For a long time, the film industry has been dominated by people who are—by nature—in a position of power. Hollywood revolves around money, and as a result, the majority of America’s mainstream filmmakers have been homogenous. Diverse perspectives aren’t being heard, simply because most of us don’t have access to the money and resources that are required for making a film.

As a young filmmaker without many resources, this has always been a struggle for me. Making a movie is expensive, so a lot of the projects my friends and I have worked on have never been fully realized. We’ve produced a few short films, scraping together money to cover equipment costs and pay our crew. But our options have always been limited.

A few years ago, my friend Sarah and I had an idea. What if we could use social media as a way to pool resources? Could we crowdsource some of the elements of filmmaking that we can’t easily access on our own? We began working on a draft of a screenplay, but quickly realized that no social media existed that could really support our project.

When Netflix released “High Flying Bird” earlier this year—which was shot entirely on an iPhone—I was again struck with the urge to come up with a non-traditional format for making a film.

And this time I think I might have the right tools.

I’ve been using uSync to build a community of like-minded filmmakers across the country. It began mostly as a discussion. We’d share ideas, recommendations for obscure films to check out, sometimes clips of footage or drafts of screenplays from current projects. uSync has a lot of social media tools within the platform kinda. While it provides the same kind of features as Facebook, it really shines when it comes to collaboration The ability to scale beyond “posts” makes it perfect for the back and forth communication we need. It’s truly a space for creatives like myself to not only share project ideas and updates but it also allows for fan–based interactions.

Sarah and I decided to post the fragments of our screenplay, along with the question: Who wants to make this with us?

By the end of the day, an Omaha-based writer named Joe had added four pages to the draft, along with a message that said “I’m in.”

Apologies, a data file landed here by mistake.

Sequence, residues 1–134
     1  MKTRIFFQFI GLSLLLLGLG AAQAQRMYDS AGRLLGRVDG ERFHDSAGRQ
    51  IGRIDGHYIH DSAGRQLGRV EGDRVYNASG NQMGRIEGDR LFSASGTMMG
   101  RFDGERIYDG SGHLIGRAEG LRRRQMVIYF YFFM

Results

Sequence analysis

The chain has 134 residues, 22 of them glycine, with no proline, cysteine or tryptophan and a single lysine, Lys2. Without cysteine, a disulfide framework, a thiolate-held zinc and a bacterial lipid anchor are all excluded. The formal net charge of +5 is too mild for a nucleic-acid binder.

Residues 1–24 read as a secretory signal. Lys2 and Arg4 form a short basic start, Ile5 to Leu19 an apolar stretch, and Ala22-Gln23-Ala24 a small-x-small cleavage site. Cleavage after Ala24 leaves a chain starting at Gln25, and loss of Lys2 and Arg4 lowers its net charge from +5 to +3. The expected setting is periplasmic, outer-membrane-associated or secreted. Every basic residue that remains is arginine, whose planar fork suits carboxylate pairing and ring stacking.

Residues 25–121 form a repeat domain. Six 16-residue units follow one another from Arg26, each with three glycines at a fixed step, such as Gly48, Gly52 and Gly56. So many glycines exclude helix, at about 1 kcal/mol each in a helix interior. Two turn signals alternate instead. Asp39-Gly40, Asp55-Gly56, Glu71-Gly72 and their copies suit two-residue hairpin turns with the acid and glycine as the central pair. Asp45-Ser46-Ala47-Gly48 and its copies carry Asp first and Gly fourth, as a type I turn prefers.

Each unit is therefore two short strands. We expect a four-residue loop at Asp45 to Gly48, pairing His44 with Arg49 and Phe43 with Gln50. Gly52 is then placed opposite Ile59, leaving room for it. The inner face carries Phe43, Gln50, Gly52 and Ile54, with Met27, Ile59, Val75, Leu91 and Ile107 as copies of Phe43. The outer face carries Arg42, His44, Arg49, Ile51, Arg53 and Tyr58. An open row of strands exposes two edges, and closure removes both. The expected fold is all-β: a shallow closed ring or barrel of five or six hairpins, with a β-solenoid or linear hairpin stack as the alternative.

Kristyn, a director in Austin, also responded saying she knew some great actors and was up for a project.

I’m normally a control-freak about stuff, but the idea of working in a totally new way was so exciting to me, that I decided to let go and see what happened. Plus, I admired these guys. The work they had posted on their uSync pages was great—unique and inspiring—and I was ready to learn from them.

Within a couple of weeks, Mark, a director in Detroit, and his actor friends, Lucy and Chris, had also joined the team. We decided to incorporate two plotlines into the script. One that would take place in Austin and would be filmed by Kristyn, and one that would be filmed by Mark in Detroit. We also had an editor lined up in Brooklyn.

We used uSync  to share inspiration. Photographs, poems, songs. Anything we came across throughout the day that reminded us of the story we were writing. We’ve built an entire collaborative vision board on uSync that our whole team has access to. It helps all understand the aesthetic we’re going for and find a unity between all the moving parts. Because we can’t all be in the same room, this has been a key for us in our creative process.

Inspiration doesn’t come from just one place. Creative inspiration is around me all of the time. Conversations are one means, but, body language, nature, music, observation, feedback all play a role in creative work. A platform that provides me with direct connections to other filmmakers is essential but having content all around me to inspire me is a plus. Seeing photographers, videographers, directors and designers work helps with envisioning potential directions my scripts can take and whether the results can be achieved through crowd sourcing. I’ve read many stories on uSync that I’ve recommended with others I’m working with. It’s easy to do this and have even asked some to join our weekly conversations.

For the end of the film, we’re attempting to pull off something crazy. We want the two plotlines to intersect. Because of our pooled resources, we’ve been able to operate almost entirely without a budget. But we’re currently using uSync to reach out to our film community to raise a small budget that will allow our multiple teams to all meet in the middle to shoot the final scene. I’m over the moon excited to meet my new collaborators in person, and to get to work as a team on the film’s grand finale.

Advances in technology are making the unimaginable possible in storytelling. With more time on the platform some of these serendipitous relationships could turn into something more. Who knows. That’s the fun part about development of any new idea or strategy, Right?